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Psychol Bull. 1991 Nov;110(3):426-50.

Culture and the categorization of emotions.

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Department of Psychology, University of British Columbia, Vancouver, Canada.


Some writers assume--and others deny--that all human beings distinguish emotions from nonemotions and divide the emotions into happiness, anger, fear, and so on. A review of ethnographic and cross-cultural studies on (a) emotion lexicons, (b) the emotions inferred from facial expressions, and (c) dimensions implicit in comparative judgments of emotions indicated both similarities and differences in how the emotions are categorized in different languages and cultures. Five hypotheses are reviewed: (a) Basic categories of emotion are pancultural, subordinate categories culture specific; (b) emotional focal points are pancultural, boundaries culture specific; (c) emotion categories evolved from a single primitive category of physiological arousal; (d) most emotion categories are culture specific but can be defined by pancultural semantic primitives; and (e) an emotion category is a script with both culture-specific and pancultural components.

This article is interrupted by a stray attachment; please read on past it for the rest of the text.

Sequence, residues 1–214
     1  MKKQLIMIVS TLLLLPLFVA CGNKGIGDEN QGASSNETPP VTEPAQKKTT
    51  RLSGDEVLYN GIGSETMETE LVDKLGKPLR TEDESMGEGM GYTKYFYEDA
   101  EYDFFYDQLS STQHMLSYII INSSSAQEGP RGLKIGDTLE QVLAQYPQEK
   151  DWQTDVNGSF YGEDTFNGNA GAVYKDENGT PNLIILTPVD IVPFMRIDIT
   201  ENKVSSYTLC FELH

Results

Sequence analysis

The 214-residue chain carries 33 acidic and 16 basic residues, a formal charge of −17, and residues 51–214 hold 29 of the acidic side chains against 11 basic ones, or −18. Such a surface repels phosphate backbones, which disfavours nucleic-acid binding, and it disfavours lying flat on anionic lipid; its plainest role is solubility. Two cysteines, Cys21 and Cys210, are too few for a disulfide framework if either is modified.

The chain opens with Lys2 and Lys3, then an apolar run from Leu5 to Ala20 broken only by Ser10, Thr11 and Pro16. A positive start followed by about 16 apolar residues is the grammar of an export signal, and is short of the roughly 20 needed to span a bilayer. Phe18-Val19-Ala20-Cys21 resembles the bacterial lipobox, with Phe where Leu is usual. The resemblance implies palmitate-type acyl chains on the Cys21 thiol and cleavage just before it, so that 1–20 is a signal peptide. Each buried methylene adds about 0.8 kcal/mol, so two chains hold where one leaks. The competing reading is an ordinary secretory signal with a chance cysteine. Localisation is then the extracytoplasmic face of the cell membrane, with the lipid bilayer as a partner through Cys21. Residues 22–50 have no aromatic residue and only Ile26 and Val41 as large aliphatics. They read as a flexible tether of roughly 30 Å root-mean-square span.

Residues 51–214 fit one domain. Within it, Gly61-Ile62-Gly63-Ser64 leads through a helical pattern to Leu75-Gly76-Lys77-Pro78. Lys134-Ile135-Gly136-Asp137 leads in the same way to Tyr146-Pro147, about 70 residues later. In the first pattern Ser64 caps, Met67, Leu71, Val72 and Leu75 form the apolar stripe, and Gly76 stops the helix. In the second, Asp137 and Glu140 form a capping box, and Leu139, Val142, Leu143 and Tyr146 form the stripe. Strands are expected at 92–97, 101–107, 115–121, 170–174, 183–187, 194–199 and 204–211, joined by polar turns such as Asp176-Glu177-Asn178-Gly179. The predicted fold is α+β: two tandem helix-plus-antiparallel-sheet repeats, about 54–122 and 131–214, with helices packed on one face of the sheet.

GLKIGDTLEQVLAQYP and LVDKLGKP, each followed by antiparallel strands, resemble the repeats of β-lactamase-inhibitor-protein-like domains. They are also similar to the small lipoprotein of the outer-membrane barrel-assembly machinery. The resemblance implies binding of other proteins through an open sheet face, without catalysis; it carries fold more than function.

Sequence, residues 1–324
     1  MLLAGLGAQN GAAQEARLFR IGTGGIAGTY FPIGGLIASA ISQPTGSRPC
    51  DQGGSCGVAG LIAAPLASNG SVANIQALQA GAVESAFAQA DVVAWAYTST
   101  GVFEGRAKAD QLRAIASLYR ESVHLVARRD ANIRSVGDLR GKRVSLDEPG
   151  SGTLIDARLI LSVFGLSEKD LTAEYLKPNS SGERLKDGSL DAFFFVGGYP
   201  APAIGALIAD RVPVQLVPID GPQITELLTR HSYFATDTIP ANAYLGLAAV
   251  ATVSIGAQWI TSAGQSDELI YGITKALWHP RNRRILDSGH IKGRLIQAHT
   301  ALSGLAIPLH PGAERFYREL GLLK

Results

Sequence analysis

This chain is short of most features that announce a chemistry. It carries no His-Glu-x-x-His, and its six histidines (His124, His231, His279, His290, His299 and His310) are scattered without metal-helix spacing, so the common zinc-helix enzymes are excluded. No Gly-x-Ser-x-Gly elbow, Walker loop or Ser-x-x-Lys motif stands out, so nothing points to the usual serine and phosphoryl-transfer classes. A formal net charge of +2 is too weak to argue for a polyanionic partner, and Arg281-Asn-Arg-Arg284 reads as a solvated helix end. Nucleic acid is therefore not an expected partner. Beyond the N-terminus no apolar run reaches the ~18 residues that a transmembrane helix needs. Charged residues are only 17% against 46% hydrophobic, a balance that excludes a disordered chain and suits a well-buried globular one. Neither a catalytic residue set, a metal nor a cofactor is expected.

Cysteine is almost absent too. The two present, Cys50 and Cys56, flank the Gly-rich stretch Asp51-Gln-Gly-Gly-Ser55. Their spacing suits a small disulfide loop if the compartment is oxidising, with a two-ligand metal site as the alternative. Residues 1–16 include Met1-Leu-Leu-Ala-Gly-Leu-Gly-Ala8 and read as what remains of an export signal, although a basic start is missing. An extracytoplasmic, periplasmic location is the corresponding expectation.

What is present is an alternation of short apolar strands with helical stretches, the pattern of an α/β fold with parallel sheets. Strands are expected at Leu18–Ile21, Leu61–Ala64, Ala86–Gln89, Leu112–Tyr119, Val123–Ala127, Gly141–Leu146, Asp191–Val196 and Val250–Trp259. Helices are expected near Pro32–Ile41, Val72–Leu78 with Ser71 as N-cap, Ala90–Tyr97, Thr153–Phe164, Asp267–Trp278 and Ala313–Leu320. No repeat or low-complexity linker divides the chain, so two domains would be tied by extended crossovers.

[Indexed for MEDLINE]

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